21. Thus those indulgence preachers are in error who say that a man is absolved from every penalty and saved by papal indulgences.
  22. As a matter of fact, the pope remits to souls in purgatory no penalty which, according to canon law, they should have paid in this life.
  23. If remission of all penalties whatsoever could be granted to anyone at all, certainly it would be granted only to the most perfect, that is, to very few.
  24. For this reason most people are necessarily deceived by that indiscriminate and high-sounding promise of release from penalty.
  25. That power which the pope has in general over purgatory corresponds to the power which any bishop or curate has in a particular way in his own diocese and parish.
  26. The pope does very well when he grants remission to souls in purgatory, not by the power of the keys, which he does not have, but by way of intercession for them.
  27. They preach only human doctrines who say that as soon as the money clinks into the money chest, the soul flies out of purgatory.
  28. It is certain that when money clinks in the money chest, greed and avarice can be increased; but when the church intercedes, the result is in the hands of God alone.
  29. Who knows whether all souls in purgatory wish to be redeemed, since we have exceptions in St. Severinus and St. Paschal, as related in a legend.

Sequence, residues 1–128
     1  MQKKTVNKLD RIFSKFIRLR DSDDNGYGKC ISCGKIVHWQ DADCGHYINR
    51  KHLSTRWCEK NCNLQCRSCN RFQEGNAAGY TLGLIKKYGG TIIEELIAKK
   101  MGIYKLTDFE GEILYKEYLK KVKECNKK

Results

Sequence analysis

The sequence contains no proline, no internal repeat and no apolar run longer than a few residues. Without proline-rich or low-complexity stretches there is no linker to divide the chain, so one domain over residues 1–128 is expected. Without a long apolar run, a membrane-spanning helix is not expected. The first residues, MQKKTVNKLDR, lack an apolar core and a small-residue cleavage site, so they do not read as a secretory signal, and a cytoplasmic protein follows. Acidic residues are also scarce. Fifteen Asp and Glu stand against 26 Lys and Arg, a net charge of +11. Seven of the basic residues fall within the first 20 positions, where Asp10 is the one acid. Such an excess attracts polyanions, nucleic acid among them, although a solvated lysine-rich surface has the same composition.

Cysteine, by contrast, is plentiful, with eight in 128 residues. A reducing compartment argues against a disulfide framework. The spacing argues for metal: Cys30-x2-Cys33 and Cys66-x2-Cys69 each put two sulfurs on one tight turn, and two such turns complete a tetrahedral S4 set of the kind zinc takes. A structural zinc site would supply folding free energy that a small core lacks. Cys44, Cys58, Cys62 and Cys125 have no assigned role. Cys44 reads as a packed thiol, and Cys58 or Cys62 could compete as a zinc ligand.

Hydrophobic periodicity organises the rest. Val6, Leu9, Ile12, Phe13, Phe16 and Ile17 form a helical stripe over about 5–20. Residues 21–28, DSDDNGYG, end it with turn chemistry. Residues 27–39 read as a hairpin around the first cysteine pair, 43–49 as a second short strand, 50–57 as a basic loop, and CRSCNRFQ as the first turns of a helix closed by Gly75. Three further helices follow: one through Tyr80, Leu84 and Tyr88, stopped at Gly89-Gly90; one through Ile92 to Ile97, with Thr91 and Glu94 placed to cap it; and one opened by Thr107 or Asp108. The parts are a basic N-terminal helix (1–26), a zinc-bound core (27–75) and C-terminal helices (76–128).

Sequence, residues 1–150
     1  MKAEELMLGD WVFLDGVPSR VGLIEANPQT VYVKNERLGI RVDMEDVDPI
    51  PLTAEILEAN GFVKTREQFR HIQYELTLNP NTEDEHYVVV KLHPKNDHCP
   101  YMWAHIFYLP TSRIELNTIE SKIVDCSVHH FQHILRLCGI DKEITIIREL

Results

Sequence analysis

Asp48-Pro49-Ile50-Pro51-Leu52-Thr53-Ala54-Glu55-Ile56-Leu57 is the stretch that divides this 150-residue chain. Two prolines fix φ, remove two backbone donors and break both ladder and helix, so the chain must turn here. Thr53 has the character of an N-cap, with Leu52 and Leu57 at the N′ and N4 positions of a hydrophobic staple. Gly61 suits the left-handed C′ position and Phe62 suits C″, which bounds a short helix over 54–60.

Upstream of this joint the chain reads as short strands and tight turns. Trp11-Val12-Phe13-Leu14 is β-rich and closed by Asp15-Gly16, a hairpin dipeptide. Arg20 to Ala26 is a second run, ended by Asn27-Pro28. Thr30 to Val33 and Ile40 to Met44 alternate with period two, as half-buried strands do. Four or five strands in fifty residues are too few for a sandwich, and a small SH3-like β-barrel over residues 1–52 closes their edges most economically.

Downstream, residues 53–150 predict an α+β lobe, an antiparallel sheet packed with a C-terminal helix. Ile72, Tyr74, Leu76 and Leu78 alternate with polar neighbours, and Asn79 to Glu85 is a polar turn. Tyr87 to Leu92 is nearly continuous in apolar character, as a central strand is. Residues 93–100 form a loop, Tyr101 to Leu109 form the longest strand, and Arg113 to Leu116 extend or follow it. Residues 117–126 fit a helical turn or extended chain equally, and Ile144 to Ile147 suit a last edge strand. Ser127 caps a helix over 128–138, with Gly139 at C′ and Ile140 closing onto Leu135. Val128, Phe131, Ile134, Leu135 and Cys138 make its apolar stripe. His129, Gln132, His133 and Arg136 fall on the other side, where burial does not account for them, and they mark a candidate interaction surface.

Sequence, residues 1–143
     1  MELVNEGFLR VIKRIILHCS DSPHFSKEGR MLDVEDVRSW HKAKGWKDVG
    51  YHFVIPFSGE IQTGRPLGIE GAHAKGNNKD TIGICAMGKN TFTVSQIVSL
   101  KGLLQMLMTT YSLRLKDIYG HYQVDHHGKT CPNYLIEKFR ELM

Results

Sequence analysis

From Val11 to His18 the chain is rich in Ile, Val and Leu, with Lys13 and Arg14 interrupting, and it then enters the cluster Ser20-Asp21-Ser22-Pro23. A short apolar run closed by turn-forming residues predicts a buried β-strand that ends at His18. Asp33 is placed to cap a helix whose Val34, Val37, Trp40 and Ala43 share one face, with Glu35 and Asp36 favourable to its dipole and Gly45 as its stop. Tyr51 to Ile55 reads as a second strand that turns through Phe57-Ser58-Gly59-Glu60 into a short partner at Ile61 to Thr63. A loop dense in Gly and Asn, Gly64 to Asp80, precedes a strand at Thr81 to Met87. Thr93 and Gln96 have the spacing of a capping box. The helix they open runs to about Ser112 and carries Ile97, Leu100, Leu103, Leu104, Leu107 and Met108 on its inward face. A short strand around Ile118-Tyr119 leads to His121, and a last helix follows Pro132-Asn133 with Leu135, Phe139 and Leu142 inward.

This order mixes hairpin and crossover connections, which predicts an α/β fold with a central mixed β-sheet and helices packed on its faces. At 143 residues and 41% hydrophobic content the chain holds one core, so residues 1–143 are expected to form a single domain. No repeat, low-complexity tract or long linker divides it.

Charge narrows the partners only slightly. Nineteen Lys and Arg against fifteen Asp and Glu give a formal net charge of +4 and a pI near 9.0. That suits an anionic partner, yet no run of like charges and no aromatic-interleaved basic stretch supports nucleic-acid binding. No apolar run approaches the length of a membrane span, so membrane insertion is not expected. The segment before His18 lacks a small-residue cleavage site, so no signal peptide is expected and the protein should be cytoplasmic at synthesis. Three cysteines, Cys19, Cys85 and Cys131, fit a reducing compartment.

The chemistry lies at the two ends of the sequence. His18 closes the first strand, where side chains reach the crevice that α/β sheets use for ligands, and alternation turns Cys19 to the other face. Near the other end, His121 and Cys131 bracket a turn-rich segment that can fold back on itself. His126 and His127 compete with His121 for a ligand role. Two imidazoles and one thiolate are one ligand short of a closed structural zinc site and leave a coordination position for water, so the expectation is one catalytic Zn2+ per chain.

30. No one is sure of the integrity of his own contrition, much less of having received plenary remission.
  31. The man who actually buys indulgences is as rare as he who is really penitent; indeed, he is exceedingly rare.
  32. Those who believe that they can be certain of their salvation because they have indulgence letters will be eternally damned, together with their teachers.
  33. Men must especially be on guard against those who say that the pope's pardons are that inestimable gift of God by which man is reconciled to him.
  34. For the graces of indulgences are concerned only with the penalties of sacramental satisfaction established by man.
  35. They who teach that contrition is not necessary on the part of those who intend to buy souls out of purgatory or to buy confessional privileges preach unchristian doctrine.
  36. Any truly repentant Christian has a right to full remission of penalty and guilt, even without indulgence letters.
  37. Any true Christian, whether living or dead, participates in all the blessings of Christ and the church; and this is granted him by God, even without indulgence letters.
  38. Nevertheless, papal remission and blessing are by no means to be disregarded, for they are, as I have said (Thesis 6), the proclamation of the divine remission.
  39. It is very difficult, even for the most learned theologians, at one and the same time to commend to the people the bounty of indulgences and the need of true contrition.
  40. A Christian who is truly contrite seeks and loves to pay penalties for his sins; the bounty of indulgences, however, relaxes penalties and causes men to hate them -- at least it furnishes occasion for hating them.
  41. Papal indulgences must be preached with caution, lest people erroneously think that they are preferable to other good works of love.
  42. Christians are to be taught that the pope does not intend that the buying of indulgences should in any way be compared with works of mercy.
  43. Christians are to be taught that he who gives to the poor or lends to the needy does a better deed than he who buys indulgences.